U of L bookstore changes how students get textbooks for the semester Monday, Aug 10 2020 

By Eli Hughes–

Any University of Louisville student looking to purchase their textbooks for the fall semester from the Campus Bookstore, will need to do so online due to the COVID-19 pandemic.

Students will now be required to order textbooks online from the bookstore’s website and can choose to have their order shipped directly to their place of residence or to come into the bookstore for in-store pick-up.

The bookstore will be open from 9:00 am to 5:00 p.m. Customers will be able to shop in person for all items except for textbooks.

Andrea Herrera, the store’s manager, said the store will have several practices in place to help ensure the safety of customers and staff.

“There will be sanitation every two hours for common touch points,” Herrera said. “We will also quarantine returned items for 24 hours before putting them back in the store.” Bookstore staff must also have their temperature checked and answer a series of questions daily prior to starting their shift.

Masks will be required for store staff and customers and there will be a maximum of 68 customers allowed in the store at any given time. There will also be designated entry and exit points in order to promote social distancing in the store.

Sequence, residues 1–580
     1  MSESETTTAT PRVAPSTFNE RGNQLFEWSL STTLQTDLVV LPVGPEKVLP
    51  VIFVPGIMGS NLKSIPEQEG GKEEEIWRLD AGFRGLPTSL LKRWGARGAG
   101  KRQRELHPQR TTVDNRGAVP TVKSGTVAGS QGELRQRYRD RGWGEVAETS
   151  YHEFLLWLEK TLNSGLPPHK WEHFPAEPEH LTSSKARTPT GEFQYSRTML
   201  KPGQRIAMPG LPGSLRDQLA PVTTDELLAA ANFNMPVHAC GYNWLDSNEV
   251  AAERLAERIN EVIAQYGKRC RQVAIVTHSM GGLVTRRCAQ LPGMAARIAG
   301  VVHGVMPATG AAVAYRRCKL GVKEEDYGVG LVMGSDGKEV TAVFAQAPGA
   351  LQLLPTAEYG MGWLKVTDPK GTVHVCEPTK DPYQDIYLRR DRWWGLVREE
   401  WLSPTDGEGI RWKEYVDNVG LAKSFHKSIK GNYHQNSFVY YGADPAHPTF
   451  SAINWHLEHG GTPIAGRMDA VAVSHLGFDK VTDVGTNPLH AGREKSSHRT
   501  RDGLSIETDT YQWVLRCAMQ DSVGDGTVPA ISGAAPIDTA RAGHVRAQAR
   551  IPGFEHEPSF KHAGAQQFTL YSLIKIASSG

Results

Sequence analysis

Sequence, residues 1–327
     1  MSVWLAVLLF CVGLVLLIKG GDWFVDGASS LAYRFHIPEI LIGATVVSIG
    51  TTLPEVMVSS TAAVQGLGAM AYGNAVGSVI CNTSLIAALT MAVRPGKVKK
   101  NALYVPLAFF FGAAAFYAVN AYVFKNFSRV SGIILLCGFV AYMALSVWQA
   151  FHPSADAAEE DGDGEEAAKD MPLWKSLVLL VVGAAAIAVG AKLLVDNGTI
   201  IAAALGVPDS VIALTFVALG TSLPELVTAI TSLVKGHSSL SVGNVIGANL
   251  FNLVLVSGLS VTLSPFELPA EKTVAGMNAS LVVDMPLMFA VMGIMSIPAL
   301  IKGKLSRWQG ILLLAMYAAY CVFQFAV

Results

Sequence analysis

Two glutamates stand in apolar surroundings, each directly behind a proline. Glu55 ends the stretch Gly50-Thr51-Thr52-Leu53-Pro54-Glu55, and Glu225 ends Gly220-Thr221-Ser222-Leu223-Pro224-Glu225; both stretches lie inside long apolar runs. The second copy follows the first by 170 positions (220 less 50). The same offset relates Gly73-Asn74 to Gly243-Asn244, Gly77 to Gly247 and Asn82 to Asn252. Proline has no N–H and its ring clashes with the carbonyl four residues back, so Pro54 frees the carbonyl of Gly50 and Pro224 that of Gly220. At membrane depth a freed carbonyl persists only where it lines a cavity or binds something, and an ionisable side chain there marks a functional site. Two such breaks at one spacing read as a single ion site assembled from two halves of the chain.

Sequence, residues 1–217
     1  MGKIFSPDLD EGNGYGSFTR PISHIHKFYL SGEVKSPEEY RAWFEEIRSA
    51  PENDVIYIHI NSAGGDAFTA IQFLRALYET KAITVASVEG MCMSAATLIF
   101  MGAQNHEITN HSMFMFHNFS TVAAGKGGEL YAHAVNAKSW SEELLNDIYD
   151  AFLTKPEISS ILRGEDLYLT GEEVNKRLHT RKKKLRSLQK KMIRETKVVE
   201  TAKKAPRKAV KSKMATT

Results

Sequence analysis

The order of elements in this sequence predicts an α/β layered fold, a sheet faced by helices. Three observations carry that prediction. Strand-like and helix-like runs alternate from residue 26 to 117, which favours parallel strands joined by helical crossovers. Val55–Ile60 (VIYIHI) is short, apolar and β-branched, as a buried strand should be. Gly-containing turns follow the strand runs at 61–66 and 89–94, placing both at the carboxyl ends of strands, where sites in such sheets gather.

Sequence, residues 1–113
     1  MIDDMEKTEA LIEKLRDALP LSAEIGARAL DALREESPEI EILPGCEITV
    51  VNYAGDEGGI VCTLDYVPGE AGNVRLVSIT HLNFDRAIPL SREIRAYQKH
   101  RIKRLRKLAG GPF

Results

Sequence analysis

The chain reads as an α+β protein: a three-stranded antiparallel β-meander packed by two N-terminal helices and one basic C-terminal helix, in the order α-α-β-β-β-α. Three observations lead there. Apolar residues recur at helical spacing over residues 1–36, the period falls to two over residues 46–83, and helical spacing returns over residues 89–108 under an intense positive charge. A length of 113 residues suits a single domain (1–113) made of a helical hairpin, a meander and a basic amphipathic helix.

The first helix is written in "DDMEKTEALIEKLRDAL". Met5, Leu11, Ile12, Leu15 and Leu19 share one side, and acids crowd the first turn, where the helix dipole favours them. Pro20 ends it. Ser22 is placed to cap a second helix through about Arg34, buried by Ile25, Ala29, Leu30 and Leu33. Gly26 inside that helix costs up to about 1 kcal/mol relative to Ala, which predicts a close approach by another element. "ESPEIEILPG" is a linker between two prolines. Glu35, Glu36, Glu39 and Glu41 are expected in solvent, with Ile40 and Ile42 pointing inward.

Students can purchase textbooks online from the campus bookstore’s website by clicking the “Find your textbooks” tab. Any questions can be directed the campus bookstore at 502-852-6679 or books@louisville.edu.

File Photo//The Louisville Cardinal

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U of L campus bookstore closes to the public Monday, Mar 23 2020 

By Eli Hughes–

The University of Louisville bookstore will be closed to the public starting March 24 until further notice in line with Gov. Andy Beshear’s decision to close nonessential retail stores to combat the spread of COVID-19.

Staff will remain in the store to process online orders, but by March 30 only managers will be working in-store.

Andrea Herrera, store manager for the campus bookstore, said that it is unclear when the bookstore will reopen. “It depends on what the governor says,” Herrera said.

Students who need to return their rental textbooks will be able to do so by mail with free shipping. However, students who want to sell their textbooks back to the bookstore will not be able to do so through the mail.

Sarah Harvey, textbook manager, said that textbook buyback will depend on if the bookstore is able to open to the public at the end of the semester.

Harvey also said that the bookstore is doing its best to support the campus community at this time.

“We are here to help students and faculty during this very difficult time,” Harvey said. “We are all in this together.”

More information about ordering textbooks online and returning rental books can be found on the bookstore’s website.

Photo by Joseph Garcia // The Louisville Cardinal

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Uncertainty hangs over remaining campus students and resources Monday, Mar 23 2020 

By Joseph Garcia —

The Cardinal’s Assistant Editor-in-Chief gives an update on campus life amid the COVID-19 pandemic.

Uncertainty hangs over empty walkways and seas of upright chairs. Any other day, a look at an almost empty Ekstrom library and you’d think University of Louisville students were away celebrating some long awaited break.